Miller was a significant contributor to the San Francisco music scene during its heyday. As an outsider who came into that scene as it was starting, he has an interesting perspective on it now. “My impressions are getting pretty clear about what I think happened there,” he said. “Basically, San Francisco was a social phenomenon. Jerry Garcia was much better at talking to people than he was at playing guitar when I got there. The Jefferson Airplane was much better at throwing a party for fifteen hundred people and making sure that there were baskets of apples at the door and lots of pretty posters and light shows. Mixed-media events.”
“I was probably the first band into the San Francisco scene that was a professional musical unit that had come from a highly competitive music scene, which had been Chicago. Butterfield was out there before me and played for a while and then left. I went out there and stayed. And it was a gathering of poster makers, of business people. Guys like Bill Graham and Chet Helms showed up, and they figured out how to run places like the Family Dog six days a week. They figured out how to do it through the use of posters. Then the light people all showed up. Film people were there. P.R. people showed up. The Charlatans were basically a band of P.R. guys. And photographers. It was like art students decided to learn to play the electric guitar and communicate, very much like what’s going on in England all the time. If you want to become an instant celebrity, the easiest way to do it is to grab a guitar and do something outrageous in London right now. Or to call yourself a band but actually be a bunch of art students, architectural students, P.R. people, politicians, whatever you want to be, but you use the rock ‘n’ roll format.”
So from Miller’s perspective, when he got to San Francisco there wasn’t a fully developed musical concept yet. “It was basically style and noise and rap, and lights and LSD. They were trying to get this thing off the ground but nobody really played very well. The bands didn’t have any concept as to how to structure a set. They were trying to play ‘In the Midnight Hour’ and keep their instruments in tune but they really didn’t know how to. At first, with the Jefferson Airplane, out of the whole band there was only one musician—Jack Cassidy, who was a good bass player from a rhythm-and-blues scene in Washington, D.C. At that point Jorma Kaukonen was called lead guitar player, but he really wasn’t. They were into scene. They spent as much time on how they looked as how they played.”
“Me, as a musician, I couldn’t put all that together. I couldn’t have done what I did if they hadn’t done what they did. Because I was playing good music all my life, and the only place it got me was I was in a competitive nightclub scene in Chicago trying to get Muddy Waters’s gig. I was competing with him for whatever club it was, and it was just how many people came in and how many drinks they bought and how many people you could draw in a very commercial, hard-nosed nightclub business kind of thing as to whether you played or not. You had to be good or you would lose your gig just like that in Chicago. There were only so many. And out there it was a whole different thing, of course. It was much more attractive because it was a new lifestyle, and these people really developed it. I was just developing along their same lines. I went out there and within four days I was one of the San Francisco bands. Played one gig and said, ‘Hi, we’re moving here, we’re gonna stay here and be part of the scene.’ And then we played and knocked everybody’s socks off because they hadn’t really heard any good rock ‘n’ roll.”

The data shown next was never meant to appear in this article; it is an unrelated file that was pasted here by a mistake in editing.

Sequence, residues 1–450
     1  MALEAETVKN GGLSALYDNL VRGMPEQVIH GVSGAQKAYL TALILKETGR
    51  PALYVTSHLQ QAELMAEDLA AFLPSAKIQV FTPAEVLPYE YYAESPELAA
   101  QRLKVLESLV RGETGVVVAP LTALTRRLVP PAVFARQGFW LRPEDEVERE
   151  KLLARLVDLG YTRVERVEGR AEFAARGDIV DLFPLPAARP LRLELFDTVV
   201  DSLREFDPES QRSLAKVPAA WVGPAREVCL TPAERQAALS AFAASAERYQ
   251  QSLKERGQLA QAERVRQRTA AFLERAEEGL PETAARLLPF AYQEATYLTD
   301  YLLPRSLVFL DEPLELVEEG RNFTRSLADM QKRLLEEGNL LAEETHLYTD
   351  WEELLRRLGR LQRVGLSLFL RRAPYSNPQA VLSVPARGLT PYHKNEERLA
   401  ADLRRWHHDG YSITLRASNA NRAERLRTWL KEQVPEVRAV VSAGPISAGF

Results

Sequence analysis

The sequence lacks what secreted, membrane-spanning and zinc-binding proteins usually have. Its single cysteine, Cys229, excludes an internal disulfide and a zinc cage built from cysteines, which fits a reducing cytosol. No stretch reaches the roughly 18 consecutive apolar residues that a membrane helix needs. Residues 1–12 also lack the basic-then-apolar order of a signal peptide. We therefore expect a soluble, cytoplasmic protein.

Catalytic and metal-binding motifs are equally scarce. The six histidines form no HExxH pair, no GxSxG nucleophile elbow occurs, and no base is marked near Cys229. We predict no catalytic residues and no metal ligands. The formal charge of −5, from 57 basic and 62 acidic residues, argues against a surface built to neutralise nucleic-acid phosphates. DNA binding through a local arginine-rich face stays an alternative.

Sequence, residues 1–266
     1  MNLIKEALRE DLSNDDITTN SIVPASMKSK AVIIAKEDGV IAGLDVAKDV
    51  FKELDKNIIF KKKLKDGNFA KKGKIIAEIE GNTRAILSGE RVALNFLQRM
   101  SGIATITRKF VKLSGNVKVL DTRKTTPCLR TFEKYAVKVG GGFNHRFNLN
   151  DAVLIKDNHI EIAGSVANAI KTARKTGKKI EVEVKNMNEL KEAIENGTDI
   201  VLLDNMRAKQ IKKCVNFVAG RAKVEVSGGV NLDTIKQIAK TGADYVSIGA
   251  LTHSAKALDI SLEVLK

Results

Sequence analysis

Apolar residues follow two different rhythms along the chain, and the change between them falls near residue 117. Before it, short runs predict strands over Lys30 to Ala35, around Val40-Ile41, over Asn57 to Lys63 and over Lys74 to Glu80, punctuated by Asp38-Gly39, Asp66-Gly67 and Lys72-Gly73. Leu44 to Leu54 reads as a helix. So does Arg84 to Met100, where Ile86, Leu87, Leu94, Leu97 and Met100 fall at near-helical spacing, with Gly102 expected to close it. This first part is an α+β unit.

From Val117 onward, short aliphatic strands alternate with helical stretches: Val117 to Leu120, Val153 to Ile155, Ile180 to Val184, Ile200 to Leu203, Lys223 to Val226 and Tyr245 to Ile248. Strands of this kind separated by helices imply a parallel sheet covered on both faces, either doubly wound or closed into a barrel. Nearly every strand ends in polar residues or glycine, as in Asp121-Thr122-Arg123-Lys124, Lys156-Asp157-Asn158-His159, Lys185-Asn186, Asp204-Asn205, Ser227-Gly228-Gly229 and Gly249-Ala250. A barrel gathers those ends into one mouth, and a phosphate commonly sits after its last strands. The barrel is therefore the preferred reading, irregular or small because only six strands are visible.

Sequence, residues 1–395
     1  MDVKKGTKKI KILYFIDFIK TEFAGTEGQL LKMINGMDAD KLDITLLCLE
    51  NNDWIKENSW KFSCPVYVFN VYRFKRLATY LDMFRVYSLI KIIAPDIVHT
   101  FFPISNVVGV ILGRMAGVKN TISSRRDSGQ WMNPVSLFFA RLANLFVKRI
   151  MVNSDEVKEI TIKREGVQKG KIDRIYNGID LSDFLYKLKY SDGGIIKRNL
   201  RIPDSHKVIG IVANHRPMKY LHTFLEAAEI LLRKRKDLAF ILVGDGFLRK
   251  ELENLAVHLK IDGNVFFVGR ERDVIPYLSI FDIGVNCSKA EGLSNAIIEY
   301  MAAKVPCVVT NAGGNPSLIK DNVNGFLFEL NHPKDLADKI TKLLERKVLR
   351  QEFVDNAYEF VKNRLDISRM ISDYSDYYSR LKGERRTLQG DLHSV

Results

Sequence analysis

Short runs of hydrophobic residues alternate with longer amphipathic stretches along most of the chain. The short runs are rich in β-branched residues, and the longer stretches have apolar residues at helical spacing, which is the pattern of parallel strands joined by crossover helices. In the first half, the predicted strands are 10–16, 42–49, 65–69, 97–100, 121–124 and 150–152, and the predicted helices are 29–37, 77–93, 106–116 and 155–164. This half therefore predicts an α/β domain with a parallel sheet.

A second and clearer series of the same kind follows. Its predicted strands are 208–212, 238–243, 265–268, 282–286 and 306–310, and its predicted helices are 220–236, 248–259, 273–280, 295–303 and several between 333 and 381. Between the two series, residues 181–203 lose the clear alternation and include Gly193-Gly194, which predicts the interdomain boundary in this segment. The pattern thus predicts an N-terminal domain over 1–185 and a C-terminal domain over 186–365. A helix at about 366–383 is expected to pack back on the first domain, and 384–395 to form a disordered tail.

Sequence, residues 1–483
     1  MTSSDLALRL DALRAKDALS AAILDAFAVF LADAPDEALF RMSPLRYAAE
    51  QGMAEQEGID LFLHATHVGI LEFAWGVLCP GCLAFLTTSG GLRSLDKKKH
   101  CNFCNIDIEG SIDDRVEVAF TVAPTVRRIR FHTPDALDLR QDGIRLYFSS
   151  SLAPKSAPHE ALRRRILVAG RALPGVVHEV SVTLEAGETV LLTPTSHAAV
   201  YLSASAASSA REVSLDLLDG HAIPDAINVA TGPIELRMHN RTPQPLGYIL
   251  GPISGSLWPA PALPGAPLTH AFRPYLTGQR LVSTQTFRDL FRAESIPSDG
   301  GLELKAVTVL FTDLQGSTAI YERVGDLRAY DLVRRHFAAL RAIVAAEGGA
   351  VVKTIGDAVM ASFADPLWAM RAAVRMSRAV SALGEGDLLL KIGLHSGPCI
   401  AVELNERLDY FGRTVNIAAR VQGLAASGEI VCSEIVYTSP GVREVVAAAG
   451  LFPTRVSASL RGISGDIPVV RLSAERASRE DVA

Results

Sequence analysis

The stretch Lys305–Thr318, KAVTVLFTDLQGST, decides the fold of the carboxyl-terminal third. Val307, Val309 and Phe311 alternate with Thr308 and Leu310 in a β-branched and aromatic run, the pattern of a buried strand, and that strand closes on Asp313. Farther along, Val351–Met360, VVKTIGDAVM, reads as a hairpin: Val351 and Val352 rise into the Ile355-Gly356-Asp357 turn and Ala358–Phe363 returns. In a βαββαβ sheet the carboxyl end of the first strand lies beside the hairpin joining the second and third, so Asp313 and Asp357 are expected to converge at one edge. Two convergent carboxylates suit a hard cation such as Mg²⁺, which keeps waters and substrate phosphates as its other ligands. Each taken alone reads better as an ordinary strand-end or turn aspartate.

Miller looks back on the drug scene that was such an integral part of the San Francisco experience with mixed feelings. “Sure, all those guys were ripped to the tits, as we say. There were a few times when I was ripped to the tits, too, wondering how I was ever going to get off stage. But I had been playing for so long that it was something that I really didn’t get into that much. I was into playing.”
“I was astounded by what I saw going on around me,” he added. “When I saw Albert Grossman letting Janis Joplin play concerts because she was off of heroin and only drinking a fifth of booze a day, I thought he should have been arrested. I thought that son of a bitch should have been wrapped up and put in jail for ten years. I couldn’t believe it. People really just don’t understand what happens, but people just don’t have common sense. My father’s a doctor. I grew up in an upper-middle-class environment where I understood what health was. I knew better than to get involved in uppers and downers. I knew better than to get into any kind of situation where I had to depend on drugs. It would be very easy to take a diet pill before you do a concert because it gives you all this confidence and it makes you feel good. There was a period where every time I had to go play I would just get so sleepy about ten minutes before I had to go out there I just wanted to go to sleep. You go out and start, and then it goes away.”
“It’s a psychological weirdo game you play with yourself but I watched people who really believed it. They bought the whole stardom thing. I mean, they were wearing their capes at ten o’clock in the morning. They lived it all the way through. I was living it all the way through too, but I knew I had to get some sleep, get some vegetables in me. But it was rough. I went through some bad periods. I got into a thing where I worked way too long and overextended myself, went too far, but I always stopped short of getting myself strung out on something. I saw a lot of people kill themselves.”
“There were a lot of people, and they know who they are in this business, who really made money off of kids who were ripped on drugs and they just sold them for ten percent and these kids didn’t know any better. You look at Jimi Hendrix’s life—what a waste. To be managed the way he was. To do those kind of gigs the way they were done. I saw Jimi about three months before he died. I did a gig with him in Philadelphia. Everybody involved in that should have been locked up. It was crazy. They shot him up before he went onstage. He didn’t even know where he was. The band fell apart, just totally crumbled. The audience didn’t even know the difference, then they sort of snapped out of this overcharge of drugs and played for a few hours and just shot them up with some more junk and put them away.”